Northern panoramic view to Three Fools Peak and Soda Peak

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En Route to Woody Pass by Three Fools Peak

The sky darkened back at Rock Pass. To avoid losing more altitude in Rock Creek, we went north on a faint trail from the pass. But the scree off Powder Mountain’s east face has long buried the old path.

Back at the pass, the PCT took us down to 5800′. Then it made half a dozen switchbacks to the top of the basin as we walked past one tent. I kept the dogs on leash, fearing they’d take off to check out the campers.

Pacific Crest Trail at work
Pacific Crest Trail at work

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A Night on Woody Pass

Finding a decent camp spot away from the trail took some time. But farther off the beaten path was more grass and uneven ground. Then we settled on the only place by a larch tree that offered some privacy.

The pass didn’t have running water but the nearby ice sheets. But it was fascinating to see ice around in the middle of a warm summer. After melting snow, we ate a quick dinner before crashing inside the tent.

End of day one
End of day one

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Day 2

Three Fools Peak + Rusty Pyramid + Soda Peak

Overview > Day 1 > Day 2 > Day 3

Three Fools Peak Climb

We continued north on the PCT for under half a mile in the morning. Three Fools Peak was the most direct without much route-finding of our goals. Before leaving the path, we chatted with a few thru-hikers going to the border.

We walked up the gentle west slopes as views expanded. Along the way, we stopped a few times to savor the sights of the familiar peaks. Soon, heather turned into rocks as we went up the last few hundred feet.

Looking back at Powder Mountain
Looking back at Powder Mountain

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Three Fools Peak Summit Views

To the south was the dramatic view of Powder Mountain’s north side. But I only saw the top of Shull Mountain from here. Then I turned to see the way to our next goal–Soda Peak over two linear miles away.

The stunning sight included Jack Mountain, Picket Range, and Crater Mountain to the west. But I didn’t recognize Castle Peak until I checked the map. It took a second to know I was seeing Hozomeen Mountain.

Northern panoramic view on Three Fools Peak
Northern panoramic view on Three Fools Peak

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Leaving Three Fools Peak

The southwest gully was doable, but not sure how the pups would handle it. Though, it was the most direct way without going back to Rock Creek. So we played by ear and moved down through the chose and landed in Coney Basin safely.

We would reach Soda Peak in three miles if adding in all the turns. But we needed to go through two high points plus Rusty Pyramid first. Then we’d either bypass or go over the false peak before the summit.

Leaving Three Fools Peak
Leaving Three Fools Peak

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Rusty Pyramid from Three Fools Peak

The water we got below the gully would be our last for a while. Soon, we moved east through the green meadow up to Point 7204. Coney Basin looked like another idyllic camp spot away from the beaten path.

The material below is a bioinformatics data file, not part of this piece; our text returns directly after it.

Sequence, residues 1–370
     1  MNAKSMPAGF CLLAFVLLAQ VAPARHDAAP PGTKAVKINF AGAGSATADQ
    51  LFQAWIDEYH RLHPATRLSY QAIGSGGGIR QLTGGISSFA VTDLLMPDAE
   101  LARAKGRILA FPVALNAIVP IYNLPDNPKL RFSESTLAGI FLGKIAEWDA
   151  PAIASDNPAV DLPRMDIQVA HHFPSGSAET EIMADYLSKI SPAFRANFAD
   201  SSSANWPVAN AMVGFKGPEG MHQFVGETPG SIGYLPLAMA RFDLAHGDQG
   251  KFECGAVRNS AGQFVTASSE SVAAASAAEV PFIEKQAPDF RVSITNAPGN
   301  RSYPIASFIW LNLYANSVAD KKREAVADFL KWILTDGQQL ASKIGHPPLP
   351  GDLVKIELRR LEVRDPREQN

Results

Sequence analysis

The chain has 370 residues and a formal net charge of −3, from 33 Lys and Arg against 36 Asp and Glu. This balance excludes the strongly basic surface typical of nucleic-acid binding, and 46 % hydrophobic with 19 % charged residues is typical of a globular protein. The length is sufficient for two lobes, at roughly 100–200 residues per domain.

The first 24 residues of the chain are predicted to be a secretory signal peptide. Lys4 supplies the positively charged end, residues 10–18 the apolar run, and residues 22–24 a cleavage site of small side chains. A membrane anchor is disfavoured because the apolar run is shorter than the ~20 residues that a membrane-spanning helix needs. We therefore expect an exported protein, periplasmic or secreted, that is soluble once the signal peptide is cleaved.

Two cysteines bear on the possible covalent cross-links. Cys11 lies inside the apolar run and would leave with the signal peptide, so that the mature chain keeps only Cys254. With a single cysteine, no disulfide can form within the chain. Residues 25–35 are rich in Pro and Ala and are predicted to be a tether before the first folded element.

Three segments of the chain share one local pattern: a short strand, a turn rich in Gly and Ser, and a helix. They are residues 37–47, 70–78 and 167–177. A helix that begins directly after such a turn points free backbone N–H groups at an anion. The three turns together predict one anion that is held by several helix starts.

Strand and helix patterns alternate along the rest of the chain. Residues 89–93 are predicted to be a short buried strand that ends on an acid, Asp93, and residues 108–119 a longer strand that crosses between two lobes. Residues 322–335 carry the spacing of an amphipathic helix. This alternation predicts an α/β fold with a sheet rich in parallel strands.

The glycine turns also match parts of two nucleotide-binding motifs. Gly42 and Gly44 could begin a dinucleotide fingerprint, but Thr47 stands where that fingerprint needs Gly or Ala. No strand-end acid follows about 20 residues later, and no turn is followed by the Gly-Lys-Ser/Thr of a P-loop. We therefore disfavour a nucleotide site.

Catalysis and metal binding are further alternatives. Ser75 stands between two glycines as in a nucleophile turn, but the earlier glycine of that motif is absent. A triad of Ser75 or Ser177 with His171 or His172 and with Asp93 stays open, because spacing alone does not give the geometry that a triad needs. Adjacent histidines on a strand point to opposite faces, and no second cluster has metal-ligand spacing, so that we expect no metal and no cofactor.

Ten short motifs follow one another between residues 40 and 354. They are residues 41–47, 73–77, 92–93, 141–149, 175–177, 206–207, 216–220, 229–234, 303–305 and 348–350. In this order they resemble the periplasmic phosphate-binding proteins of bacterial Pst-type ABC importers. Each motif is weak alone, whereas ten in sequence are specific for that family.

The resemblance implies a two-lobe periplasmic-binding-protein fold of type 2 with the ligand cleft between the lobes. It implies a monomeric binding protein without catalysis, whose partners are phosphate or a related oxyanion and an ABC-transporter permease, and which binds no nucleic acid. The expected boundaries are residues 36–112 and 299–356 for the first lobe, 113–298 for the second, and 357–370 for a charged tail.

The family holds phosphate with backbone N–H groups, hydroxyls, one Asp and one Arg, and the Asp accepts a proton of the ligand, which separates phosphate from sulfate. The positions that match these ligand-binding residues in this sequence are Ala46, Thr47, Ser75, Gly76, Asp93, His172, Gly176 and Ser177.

We traversed the crest and easily avoided krummholz and rock steps along the way. Then below Point 7354, we moved to the south to bypass the rocky ridgeline. Before long, we were atop the sandy high point.

Looking back at Three Fools Peak
Looking back at Three Fools Peak

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Rusty Pyramid Climb

From here, Rusty Pyramid was only .25 mile across the joining ridge. So we continued down the crest and up the other side to the peak without stopping. Views were as good here as anywhere else in the area.

Soda Peak was one more mile away. After a quick break, we dropped onto the east ridge and stayed mainly on the crest for the traverse. But sometimes, we needed to move to either side to bypass outcrops.

Next up, Rusty Pyramid
Next up, Rusty Pyramid

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Final Stop, Soda Peak

We ran out of water a while ago. Plus, snow along the ridge was too far down for the pups to reach. But I knew there had to be running water on Soda Peak’s south side. It’d be our best option should we exit that way.

It was only half a mile to Soda Peak from the false peak. As the crest became increasingly rocky, we slowly moved to the south side. Then it was the typical choss and big rock piles to steer through to the top.

The route to Soda Peak
The route to Soda Peak

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Soda Peak Summit Views

Soda Peak was the farthest east and north away from the rest of our main goals. If we weren’t climbing Shull Mountain, I’d consider continuing east until we reached West Fork Pasayten River at the bottom to exit.

Castle Peak and other notable high points continued to steal the show. I also saw a few more goals to the north. From here, I took actual notice of Cedar Creek Fire‘s smoke spewing from behind Robinson Mountain.

Southwestern panoramic view on Soda Peak
Southwestern panoramic view on Soda Peak

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Leaving Soda Peak